Grief is an individual’s emotional distress as a reaction to any important loss. When the loss is death of a family member or friend, the feelings of grief can be so intense that many find it easier to deny the emotions. This is particularly true for teens and young adults who may be experiencing loss for the first time. In these cases, it is important that the person be able to go through the natural grieving process but that those around them recognize the symptoms of potential issues.
The Individual Nature of Grief
The grieving process is different for everyone regardless of age. Though the steps of grief have been well defined, it is agreed that these stages do not necessarily occur in order and that not everyone experiences each step. Those who are younger may experience a wider range of emotions that they cannot control for longer periods of time. Exactly what they feel depends on whether the loss is of a parent or grandparent, sibling, or friend, and the complexity of the relationship with that person. The intensity and duration of the emotions may also depend on the circumstances of the person’s death.
It is true that it is difficult to judge a “normal” mourning period. But if a person becomes irrational, if physical symptoms like loss of appetite and sleep disturbances occur, or if a person becomes so obsessed with grief that they cannot perform daily activities, then it is probably time to seek professional counseling. There are numerous agencies that offer bereavement counseling either in an individual or group setting. To find local alternatives that you can afford you might begin by searching online using phrases similar to grief counseling for young adults north salt lake ut. There are even online counseling services offering a network of support with professionals and peers and an opportunity to participate in community service events as a way to pay tribute to those who have died.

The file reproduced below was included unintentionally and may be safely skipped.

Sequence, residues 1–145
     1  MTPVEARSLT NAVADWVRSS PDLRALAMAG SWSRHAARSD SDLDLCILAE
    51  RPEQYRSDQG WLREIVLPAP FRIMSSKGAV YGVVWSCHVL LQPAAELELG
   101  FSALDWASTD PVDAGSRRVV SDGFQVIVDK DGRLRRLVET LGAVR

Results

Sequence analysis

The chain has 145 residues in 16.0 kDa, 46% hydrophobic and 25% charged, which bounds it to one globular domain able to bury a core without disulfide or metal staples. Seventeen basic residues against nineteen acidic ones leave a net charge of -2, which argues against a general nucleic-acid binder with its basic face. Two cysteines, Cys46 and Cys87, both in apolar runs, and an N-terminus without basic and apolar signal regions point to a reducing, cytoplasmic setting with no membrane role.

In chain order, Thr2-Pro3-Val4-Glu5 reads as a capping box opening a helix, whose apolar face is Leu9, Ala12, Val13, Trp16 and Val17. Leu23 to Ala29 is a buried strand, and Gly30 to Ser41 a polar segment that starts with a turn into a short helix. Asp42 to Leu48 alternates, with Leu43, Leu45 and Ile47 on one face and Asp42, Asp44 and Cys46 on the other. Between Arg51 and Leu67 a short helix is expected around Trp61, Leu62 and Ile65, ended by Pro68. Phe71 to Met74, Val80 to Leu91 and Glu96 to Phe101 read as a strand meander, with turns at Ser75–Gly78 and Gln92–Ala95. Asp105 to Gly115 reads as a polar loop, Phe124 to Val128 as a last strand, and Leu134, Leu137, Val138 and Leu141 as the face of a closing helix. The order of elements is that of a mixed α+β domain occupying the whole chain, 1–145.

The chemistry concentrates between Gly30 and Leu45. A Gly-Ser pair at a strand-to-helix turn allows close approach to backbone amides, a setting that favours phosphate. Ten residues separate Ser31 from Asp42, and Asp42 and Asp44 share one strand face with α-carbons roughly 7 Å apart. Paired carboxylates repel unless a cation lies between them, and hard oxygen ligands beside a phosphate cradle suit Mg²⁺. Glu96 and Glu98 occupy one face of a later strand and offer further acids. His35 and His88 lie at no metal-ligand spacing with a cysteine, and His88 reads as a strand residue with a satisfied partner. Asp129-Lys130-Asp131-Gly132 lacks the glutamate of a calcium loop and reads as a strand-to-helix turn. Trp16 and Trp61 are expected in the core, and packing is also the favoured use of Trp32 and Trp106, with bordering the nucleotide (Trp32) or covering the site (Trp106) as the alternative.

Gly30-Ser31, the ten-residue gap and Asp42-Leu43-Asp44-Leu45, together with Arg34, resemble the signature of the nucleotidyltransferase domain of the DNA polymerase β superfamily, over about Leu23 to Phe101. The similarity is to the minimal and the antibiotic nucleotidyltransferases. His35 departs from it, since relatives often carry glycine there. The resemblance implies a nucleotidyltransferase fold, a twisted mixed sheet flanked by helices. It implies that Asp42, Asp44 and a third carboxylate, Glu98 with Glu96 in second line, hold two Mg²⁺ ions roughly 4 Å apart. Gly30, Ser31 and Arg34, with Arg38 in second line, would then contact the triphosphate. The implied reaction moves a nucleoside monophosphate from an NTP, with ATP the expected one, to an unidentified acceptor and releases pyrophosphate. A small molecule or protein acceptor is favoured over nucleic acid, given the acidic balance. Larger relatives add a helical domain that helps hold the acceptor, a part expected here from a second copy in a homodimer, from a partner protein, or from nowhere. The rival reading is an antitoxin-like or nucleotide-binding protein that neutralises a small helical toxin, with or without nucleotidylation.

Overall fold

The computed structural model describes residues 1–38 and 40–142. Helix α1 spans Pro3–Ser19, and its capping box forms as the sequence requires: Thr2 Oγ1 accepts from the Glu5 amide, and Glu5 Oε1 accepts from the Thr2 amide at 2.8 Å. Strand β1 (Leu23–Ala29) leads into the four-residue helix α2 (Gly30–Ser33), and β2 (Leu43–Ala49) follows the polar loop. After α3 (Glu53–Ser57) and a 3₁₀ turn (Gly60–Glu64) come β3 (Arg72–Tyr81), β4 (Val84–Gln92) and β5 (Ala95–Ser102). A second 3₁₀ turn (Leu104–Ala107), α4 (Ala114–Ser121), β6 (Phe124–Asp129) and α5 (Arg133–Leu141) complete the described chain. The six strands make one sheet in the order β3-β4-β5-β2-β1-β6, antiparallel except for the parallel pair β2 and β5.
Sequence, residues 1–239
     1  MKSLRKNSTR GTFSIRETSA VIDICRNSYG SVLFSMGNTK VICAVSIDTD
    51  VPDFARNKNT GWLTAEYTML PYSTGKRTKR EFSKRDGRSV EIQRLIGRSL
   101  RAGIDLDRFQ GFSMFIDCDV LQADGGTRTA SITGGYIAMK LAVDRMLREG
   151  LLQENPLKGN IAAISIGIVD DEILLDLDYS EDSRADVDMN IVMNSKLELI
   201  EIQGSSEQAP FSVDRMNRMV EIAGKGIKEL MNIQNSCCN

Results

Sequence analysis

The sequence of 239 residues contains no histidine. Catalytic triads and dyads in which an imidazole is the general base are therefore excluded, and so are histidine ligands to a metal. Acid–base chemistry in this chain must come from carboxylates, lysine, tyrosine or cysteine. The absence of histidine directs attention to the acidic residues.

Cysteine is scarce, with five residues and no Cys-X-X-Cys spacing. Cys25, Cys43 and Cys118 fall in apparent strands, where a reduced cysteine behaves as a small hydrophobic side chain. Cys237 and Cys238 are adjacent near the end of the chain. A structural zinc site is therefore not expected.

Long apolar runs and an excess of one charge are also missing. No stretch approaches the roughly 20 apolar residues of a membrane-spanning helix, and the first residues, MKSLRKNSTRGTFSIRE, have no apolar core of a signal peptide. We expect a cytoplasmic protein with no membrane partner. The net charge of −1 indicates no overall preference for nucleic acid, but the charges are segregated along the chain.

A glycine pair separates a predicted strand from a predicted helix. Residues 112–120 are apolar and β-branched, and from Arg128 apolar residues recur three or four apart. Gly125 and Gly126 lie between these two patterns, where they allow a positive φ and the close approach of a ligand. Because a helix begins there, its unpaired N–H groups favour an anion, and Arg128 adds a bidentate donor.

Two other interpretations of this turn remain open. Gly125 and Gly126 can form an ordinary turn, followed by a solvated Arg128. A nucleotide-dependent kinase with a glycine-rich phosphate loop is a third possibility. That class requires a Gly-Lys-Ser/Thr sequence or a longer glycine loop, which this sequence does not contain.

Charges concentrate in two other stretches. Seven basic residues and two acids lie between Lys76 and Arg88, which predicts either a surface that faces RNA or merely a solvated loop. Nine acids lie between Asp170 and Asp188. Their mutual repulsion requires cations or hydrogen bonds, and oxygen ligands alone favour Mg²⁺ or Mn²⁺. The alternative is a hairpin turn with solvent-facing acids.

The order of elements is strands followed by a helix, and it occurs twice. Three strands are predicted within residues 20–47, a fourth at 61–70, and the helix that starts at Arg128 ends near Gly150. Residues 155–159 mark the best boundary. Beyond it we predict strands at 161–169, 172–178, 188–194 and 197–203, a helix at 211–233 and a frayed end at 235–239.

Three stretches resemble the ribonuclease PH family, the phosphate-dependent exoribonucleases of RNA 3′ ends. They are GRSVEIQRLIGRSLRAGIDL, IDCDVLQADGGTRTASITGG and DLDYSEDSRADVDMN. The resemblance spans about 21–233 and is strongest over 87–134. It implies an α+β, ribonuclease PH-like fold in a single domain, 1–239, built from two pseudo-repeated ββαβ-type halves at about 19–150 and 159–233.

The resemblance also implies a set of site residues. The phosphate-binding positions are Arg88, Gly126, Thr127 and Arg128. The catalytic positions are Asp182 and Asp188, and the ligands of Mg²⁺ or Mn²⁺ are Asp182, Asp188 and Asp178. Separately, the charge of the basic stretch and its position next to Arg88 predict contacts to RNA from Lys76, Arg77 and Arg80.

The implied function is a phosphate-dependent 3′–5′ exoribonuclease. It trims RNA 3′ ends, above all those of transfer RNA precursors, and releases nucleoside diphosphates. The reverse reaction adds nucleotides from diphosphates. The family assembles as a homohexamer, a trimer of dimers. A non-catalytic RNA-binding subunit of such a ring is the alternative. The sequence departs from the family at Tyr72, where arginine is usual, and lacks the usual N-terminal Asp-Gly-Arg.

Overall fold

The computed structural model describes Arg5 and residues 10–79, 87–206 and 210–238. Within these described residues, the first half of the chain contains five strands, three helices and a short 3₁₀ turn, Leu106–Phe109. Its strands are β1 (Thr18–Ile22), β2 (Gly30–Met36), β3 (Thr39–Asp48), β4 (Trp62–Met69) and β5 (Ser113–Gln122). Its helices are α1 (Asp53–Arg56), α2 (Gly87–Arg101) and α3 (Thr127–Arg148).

The Process of Grief Counseling
It is essential for the person in mourning to be allowed to feel the pain and express the grief. Those who are offering support are often uncomfortable with these types of discussions and they try to rush the process because they want the person to feel better. Even though these behaviors are well-intentioned, they may be harmful. On the other hand, a counselor’s role is to help a person understand that their feelings are normal and that they should discuss them openly. The counselor must demonstrate compassion and be supportive and non-judgmental. If a person is struggling with one of the grief steps, the counselor needs to help them find a way to continue on their journey. The counselor’s message should be that grief never really ends but that its impact on each person changes over time. Though there may be future highs and lows, the counselor and client should team up to design techniques that the client can use to handle any emotionally trying situation.